Cutting the cake is another ceremonial moment some love to showcase while others prefer to keep it off to the side. I would say about 20% of the time, someone ends up wearing a little on their face. I’m not sure if that unscientific percentage has gone up or down, but if it’s going to lead to your first fight as a married couple, maybe establish expectations and possible consequences before the wedding 🙂 Couples often have a specific song they prefer to play at this time; Either something symbolic of their relationship or something that alludes to “cake” or “sweets”. Sometimes they will just cut the cake at a time they can easily rally up the people who need to be there for that moment (preferably the whole party, but often times they won’t wait for a frat brother to finish their cigar first).
The last song of the night ALWAYS falls into 1 of 2 categories: High energy or Slow. If your aim is to go out with a bang, get the guests singing along, and maybe set the tone for an after party, you’re probably going high energy. If you had an amazing night and want to end it on a soft, tender note, something on the lighter side is also a great touch to conclude the evening.
Bouquet / Garter
Most brides prefer to throw a bouquet. It is a little less common with brides who don’t have a ton of single friends. But if they do, “Single ladies” may very well be playing in the background. Otherwise, it could be a song that’s special to a particular group of friends. Other times, it might just be whatever song is next on the playlist. The garter toss, on the other hand, is rarely done anymore. We’ll leave it at that 🙂 But for those who like to follow tradition, and trust the intentions of the one catching it, you may chose to keep it as part of the program.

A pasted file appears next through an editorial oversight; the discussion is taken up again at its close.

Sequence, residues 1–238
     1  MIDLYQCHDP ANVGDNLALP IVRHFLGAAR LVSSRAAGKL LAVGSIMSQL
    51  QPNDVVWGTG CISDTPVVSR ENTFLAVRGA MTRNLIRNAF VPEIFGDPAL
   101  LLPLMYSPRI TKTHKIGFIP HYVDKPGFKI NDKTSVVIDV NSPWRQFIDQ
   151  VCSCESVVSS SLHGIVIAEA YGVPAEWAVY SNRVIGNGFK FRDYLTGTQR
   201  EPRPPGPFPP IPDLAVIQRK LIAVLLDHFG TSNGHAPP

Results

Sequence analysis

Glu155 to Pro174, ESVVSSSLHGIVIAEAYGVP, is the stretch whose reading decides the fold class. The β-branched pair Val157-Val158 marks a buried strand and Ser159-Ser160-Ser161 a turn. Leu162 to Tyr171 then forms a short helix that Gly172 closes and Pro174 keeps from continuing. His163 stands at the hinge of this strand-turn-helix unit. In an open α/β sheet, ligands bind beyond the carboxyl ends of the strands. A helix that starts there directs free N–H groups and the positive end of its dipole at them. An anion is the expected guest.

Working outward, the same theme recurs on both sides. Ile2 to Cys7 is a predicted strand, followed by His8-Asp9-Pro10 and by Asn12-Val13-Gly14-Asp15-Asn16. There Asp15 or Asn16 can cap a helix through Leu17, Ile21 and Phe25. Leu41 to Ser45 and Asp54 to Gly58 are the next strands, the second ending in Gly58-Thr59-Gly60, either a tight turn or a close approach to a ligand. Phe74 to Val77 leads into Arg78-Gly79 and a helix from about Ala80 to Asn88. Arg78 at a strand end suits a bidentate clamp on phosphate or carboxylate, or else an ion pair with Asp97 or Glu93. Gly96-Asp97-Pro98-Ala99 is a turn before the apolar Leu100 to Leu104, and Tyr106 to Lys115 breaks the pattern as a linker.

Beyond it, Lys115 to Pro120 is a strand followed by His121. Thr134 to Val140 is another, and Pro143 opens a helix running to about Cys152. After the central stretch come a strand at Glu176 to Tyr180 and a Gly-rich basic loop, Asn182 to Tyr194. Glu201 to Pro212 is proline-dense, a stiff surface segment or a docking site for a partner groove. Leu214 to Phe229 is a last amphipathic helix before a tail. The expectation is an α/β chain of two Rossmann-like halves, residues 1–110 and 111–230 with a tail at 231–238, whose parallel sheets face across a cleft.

We see a good mixture of people who prefer to stick to the classic wedding songs and others who want a less traditional playlist. Even with the less traditional ones, they are usually ok with a few staples. Keep in mind your guest list. If it’s mostly family and your classical style has you set on a night of motown classics, you may want to skew the song list towards that genre. If its mostly college friends you used to go clubbing with, maybe a good amount of contemporary dance tunes… At any rate, your guest list probably includes some sort of range. It’s a party and you want everyone to have a good time so consider the preferences of the people you invited and what you think they would most like to hear. Your entertainer should be happy to switch it up if needed but it’s usually best to provide some direction in advance. Bands have to rehearse and DJs have to organize a song library, so whatever songs and styles you go with, make sure they have ample time to prepare.
We are a service-oriented business, so we want to please EVERYONE. We have every line dance in our catalog and are happy to play them when requested. I’ll say this though… We send a checklist out 2 months before each wedding with a section for couples to tell us about their music expectations. a majority of the time, line dances are on the do not play list these days. I’m just sharing the findings. If you and your friends love a good Cupid Shuffle, we’re gonna give you best Cupid Shuffle you’ve ever heard.
This is largely about preference. Some couples like a very engaging MC, someone who will go out and dance on the dance floor, sing along to the songs into the microphone, and really get your party riled up. Others prefer the MC to stick to the main announcements, interject some personality into the evening, but to ultimately let the music do the talking. Either way, we recommend having that conversation before the wedding so everyone has the same expectations.